Process: A Dozen Pewter Cups

I frequently encounter a crisis of identity when I try to describe myself with certain terminology: designer, craftsman, artist—they all seem alternately applicable to the nature of my career. I know this is mostly a self-inflicted conundrum. It’s not as though anyone ever insists that I define my work in narrow, exclusive or absolute terms. I hope that in time I will simply care less, but at this moment it’s something I mull over often, partly out of insecurity, but also in an effort understand and define my goals and values as a maker of things. I don’t actually believe there are divisions between these terms or that they are fixed in relation to one and other, but to me each word has the power to connote a different emphasis on how one is engaged in a creative act.

Certainly a defining aspect of my work (one that I attribute to my craft training) is that in addition to being concerned with the aesthetics of an object, I am equally attendant to the“beauty” of process. I mean this in the same way one might describe a beautiful equation or piece of computer code—not really an aesthetic experience so much the idea that I have done something in the best possible way. In my case I am speaking about a synergetic combination of speed, economy, cleverness and pleasantness of actions that combine to create grace in process. This may not have an apparent visual impact on the object, but is at least an avenue for rigorous, striving engagement. I do also believe that a beautiful process tends to generate objects that have a clear, un-muddied quality, regardless of the particular aesthetic.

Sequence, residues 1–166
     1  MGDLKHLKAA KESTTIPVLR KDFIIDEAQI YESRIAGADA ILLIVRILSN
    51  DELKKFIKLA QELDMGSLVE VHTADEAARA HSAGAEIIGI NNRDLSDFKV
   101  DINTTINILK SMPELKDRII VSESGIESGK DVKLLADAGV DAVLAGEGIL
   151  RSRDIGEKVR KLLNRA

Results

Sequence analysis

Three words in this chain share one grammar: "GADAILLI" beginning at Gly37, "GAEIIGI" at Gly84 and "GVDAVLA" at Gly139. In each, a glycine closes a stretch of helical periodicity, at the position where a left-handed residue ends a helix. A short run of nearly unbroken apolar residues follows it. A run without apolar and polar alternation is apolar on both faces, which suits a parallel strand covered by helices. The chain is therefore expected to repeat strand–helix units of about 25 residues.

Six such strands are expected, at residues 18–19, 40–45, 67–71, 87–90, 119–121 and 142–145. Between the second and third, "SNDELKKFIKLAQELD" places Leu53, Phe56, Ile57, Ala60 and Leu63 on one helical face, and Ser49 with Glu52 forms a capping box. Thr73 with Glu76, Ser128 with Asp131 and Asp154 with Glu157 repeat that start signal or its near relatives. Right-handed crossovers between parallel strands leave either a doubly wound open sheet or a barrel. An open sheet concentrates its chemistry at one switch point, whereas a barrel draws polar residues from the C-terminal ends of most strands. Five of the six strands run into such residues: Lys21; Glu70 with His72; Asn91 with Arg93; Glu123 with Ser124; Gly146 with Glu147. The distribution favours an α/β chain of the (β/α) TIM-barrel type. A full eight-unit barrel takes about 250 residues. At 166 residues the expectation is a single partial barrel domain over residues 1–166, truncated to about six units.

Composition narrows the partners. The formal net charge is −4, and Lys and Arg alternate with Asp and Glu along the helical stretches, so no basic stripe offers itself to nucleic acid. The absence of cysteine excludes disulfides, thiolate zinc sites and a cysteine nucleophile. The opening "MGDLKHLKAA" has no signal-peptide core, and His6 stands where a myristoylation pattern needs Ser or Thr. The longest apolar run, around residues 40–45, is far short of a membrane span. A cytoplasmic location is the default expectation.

Most of my projects leave limited room for deeply exploring the beauty of process. Though it is on my mind all the time, I am usually making a single, one-off piece, and there’s no opportunity to go back and redo steps unless I have really screwed up. However, once in a while I take on a project in which my goal is to deeply explore and refine my sequence and efficiency of actions. This simple pewter cup design is one such project. I have made it a few dozen times over the last three years in order to home in on a process that works within my limited tooling and design parameters, which are that it must be a versatile size, impart the perceived value of a hand-formed metal cup, be impeccably crafted and sell for less than $100 retail. Other than the price point, which is $160, I am satisfied with how I am making these cups, as well as with their look and functionality.

Here’s a run down of my process in pictures. This is intended as a show-and-tell more than a set of instructions, but if you are interested in pewter-smithing and have any questions please shoot me an email. Click the first image to pull up a slide show with descriptions of each step.